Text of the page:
As seen in this figure, the radiant energy generated by a burning home can damage a neighboring home.

This plywood siding was ignited by the radiant exposure from a neighboring home that ignited and was destroyed. In this case, the siding didn’t sustain combustion after the neighboring home burned out.

If ignited during a wildfire, small buildings or gazebos located near a home or building would also provide a radiant exposure to the primary building. Depending on size and materials, the exposure may not be as severe as that provided by a neighboring home.

Chapter 7A gives some latitude to the building official regarding other buildings on the parcel. Language in the code currently states that ‘When required by enforcing agency’ … other buildings on the parcel … ‘shall comply the provisions of this chapter.’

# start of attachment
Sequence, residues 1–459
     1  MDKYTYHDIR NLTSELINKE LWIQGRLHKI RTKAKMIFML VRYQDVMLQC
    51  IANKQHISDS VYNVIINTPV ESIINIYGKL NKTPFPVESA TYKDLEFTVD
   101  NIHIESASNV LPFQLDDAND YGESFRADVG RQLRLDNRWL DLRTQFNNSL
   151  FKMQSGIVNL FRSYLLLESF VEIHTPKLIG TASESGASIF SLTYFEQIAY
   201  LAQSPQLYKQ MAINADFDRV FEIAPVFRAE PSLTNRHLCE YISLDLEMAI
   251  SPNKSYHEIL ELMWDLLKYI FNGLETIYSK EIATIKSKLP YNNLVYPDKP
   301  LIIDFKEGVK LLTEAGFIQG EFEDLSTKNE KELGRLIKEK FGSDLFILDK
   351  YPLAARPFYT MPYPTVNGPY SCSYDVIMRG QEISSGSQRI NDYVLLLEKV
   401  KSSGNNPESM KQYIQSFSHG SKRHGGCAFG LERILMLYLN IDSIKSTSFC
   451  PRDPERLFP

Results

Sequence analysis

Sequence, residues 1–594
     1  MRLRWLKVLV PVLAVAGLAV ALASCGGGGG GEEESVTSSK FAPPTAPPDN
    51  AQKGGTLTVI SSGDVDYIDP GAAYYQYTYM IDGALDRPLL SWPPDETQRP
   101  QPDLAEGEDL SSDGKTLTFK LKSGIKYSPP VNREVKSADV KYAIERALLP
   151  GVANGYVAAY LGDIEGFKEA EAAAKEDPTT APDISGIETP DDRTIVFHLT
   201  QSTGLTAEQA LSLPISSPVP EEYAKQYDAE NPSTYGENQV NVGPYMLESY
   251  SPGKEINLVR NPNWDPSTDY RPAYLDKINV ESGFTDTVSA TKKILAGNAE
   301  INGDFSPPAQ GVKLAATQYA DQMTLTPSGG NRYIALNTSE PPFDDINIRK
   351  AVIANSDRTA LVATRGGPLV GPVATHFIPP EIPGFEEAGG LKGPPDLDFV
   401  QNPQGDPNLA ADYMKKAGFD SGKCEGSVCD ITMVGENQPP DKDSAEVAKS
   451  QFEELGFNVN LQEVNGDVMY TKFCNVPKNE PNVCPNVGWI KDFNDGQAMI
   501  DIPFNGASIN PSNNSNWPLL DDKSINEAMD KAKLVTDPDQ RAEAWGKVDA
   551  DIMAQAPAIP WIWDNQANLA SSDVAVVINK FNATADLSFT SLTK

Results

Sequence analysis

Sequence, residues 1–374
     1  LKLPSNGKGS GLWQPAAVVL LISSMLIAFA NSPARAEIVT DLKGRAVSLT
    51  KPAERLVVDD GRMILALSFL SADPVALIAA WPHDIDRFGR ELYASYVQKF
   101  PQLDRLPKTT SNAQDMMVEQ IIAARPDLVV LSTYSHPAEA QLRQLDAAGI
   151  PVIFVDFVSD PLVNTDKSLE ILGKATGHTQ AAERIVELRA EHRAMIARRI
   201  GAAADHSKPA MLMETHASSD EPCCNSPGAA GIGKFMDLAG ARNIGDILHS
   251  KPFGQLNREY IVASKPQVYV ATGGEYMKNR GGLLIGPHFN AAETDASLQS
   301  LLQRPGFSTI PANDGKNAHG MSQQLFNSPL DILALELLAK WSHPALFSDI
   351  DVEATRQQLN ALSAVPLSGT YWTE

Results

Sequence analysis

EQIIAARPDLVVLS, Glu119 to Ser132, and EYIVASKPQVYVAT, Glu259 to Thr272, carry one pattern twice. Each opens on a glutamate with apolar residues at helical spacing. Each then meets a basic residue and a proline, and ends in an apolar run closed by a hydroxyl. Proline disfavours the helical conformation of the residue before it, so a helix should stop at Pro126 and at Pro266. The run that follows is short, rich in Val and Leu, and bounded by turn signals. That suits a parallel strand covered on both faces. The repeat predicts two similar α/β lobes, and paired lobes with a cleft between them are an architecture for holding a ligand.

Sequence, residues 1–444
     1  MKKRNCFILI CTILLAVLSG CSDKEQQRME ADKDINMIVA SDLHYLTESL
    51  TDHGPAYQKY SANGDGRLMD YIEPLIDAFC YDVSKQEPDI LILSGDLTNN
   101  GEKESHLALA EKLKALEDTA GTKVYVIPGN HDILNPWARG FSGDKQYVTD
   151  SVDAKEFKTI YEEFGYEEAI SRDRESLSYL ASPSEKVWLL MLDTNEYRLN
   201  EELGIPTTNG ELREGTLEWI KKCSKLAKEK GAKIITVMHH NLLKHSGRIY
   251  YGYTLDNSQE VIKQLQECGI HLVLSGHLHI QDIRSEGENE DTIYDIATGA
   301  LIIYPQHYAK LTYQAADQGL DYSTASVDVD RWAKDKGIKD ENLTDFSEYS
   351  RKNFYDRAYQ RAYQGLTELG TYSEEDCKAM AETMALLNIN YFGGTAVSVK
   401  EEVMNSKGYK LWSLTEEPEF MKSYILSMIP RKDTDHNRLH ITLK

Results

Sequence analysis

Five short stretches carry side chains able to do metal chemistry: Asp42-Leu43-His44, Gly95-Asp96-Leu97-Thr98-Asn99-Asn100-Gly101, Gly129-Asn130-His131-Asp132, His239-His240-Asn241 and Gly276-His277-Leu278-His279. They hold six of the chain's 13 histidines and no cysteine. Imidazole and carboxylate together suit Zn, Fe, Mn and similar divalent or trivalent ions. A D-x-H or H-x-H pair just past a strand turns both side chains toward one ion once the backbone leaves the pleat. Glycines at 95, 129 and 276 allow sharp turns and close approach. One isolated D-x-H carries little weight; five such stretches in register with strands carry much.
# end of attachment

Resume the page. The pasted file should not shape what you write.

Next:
This sections empowers the building official to require ‘outbuildings’ to comply with the provisions of Chapter 7A when deemed necessary for the protection of the primary building. In this slide, the ancillary structure is a gazebo. They could also be play houses, tool sheds, and other buildings located near the primary building.

Most jurisdictions have a minimum size of a building (in terms of square footage) whereby building permits aren’t required. Still, this section allows the building official to require compliance to Chapter 7A provisions if the official thinks the building, if ignited, can threaten the primary building.